It would be tempting to criticize Chrysler Group and General Motors Co. for rewarding hourly and salaried workers with generous bonuses.
But there was nothing untoward about this decision. Even though the automakers needed government help to survive, they still have to run their businesses on sound principles. And the principle here is sound: Both GM and Chrysler are trying to be competitive and reasonably generous without raising fixed costs, which inherently build in a level of inflexibility and raise the breakeven mark.
Chrysler and GM have to run their businesses for tomorrow, and that means retaining talent and providing adequate rewards. Spending enough money now is the way to make money in the future. And their profits are the engine that will repay the U.S. taxpayer.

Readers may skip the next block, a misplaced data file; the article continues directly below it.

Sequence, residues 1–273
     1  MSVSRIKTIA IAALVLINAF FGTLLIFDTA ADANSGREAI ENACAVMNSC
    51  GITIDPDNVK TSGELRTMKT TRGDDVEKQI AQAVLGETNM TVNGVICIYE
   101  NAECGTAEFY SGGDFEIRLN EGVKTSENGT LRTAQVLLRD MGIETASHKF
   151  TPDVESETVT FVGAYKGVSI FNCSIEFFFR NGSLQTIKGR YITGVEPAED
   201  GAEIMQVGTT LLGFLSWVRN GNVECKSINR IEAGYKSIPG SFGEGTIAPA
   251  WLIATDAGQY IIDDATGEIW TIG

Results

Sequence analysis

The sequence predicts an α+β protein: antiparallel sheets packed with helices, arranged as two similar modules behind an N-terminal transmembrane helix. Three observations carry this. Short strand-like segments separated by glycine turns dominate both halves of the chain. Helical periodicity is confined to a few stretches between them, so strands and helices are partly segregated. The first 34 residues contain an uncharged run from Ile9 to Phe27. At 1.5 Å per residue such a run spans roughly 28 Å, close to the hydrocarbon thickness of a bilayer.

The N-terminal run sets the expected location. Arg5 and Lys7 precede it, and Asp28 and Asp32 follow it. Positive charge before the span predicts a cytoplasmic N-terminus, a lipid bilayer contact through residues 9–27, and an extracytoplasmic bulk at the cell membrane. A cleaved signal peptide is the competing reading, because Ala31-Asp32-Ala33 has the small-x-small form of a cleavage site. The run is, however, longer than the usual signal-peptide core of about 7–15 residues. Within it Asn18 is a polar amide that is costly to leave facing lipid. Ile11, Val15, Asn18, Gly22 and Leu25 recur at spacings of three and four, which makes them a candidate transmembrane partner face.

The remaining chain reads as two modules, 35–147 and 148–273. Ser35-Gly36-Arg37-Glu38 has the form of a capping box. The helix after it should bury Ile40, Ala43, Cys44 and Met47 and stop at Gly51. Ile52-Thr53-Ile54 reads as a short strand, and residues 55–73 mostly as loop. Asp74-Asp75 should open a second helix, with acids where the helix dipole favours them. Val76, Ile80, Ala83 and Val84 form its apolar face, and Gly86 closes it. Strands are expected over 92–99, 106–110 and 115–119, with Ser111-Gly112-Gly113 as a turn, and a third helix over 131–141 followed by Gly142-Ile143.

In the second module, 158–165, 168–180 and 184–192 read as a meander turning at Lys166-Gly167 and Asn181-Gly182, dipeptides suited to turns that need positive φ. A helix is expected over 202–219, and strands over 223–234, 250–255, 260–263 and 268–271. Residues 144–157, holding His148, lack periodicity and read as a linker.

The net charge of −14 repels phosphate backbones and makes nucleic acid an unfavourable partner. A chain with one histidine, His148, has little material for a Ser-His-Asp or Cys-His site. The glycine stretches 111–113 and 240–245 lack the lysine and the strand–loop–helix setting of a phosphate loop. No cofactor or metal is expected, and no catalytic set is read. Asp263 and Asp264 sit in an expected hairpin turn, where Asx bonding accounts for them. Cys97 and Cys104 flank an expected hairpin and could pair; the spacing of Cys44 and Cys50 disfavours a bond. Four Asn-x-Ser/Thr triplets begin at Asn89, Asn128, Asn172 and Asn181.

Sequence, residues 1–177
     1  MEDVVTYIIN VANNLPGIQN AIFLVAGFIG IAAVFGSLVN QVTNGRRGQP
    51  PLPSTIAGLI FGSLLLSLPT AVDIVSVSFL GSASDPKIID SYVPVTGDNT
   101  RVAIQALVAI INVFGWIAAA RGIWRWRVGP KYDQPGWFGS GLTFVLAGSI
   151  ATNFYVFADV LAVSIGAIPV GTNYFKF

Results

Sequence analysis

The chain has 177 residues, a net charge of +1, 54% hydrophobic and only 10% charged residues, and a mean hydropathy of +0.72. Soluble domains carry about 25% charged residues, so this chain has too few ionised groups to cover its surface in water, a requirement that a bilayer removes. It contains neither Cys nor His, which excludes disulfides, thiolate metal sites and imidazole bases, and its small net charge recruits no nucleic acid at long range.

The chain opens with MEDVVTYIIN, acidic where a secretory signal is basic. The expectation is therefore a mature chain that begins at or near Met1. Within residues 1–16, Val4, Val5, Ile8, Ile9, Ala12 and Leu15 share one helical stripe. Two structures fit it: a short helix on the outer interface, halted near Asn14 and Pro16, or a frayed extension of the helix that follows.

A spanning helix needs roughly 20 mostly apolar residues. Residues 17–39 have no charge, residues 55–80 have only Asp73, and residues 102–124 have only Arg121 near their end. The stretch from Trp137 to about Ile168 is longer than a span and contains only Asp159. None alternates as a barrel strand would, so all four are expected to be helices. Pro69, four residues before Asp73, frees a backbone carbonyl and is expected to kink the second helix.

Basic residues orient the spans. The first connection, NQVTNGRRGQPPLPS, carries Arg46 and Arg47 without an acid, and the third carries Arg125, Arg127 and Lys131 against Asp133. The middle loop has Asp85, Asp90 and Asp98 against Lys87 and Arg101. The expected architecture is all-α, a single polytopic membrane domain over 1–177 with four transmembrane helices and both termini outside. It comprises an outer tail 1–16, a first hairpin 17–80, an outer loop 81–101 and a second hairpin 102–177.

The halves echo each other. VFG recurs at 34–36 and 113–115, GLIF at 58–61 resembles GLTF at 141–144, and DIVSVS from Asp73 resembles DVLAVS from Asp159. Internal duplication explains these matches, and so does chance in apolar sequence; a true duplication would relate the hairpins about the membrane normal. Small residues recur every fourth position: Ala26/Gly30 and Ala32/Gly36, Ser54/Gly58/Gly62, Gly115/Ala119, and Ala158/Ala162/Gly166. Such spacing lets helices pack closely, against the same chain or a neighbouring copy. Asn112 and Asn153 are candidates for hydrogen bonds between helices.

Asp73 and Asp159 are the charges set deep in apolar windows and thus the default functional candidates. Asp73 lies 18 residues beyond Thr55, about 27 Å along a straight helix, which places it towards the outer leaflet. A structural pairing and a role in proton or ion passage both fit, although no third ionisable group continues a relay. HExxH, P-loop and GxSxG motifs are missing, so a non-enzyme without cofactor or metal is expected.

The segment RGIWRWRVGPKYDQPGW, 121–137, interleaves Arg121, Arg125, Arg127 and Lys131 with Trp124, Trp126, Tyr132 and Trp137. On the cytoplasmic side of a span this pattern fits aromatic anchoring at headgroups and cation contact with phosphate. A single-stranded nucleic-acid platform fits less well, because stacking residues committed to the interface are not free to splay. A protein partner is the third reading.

When it comes to bonuses for hourly workers, GM and Chrysler are investing in the same employees who played ball during the contract negotiations of 2007 and helped the company restructure during bankruptcy.
Surely the debate this summer during the UAW's contract negotiations with the Detroit 3 will focus squarely on fixed costs. The UAW will be looking for raises; the automakers will offer profit sharing in lieu of raises.
In a tepid recovery, the only guarantee is that a lower breakeven means a greater chance for long-term survival.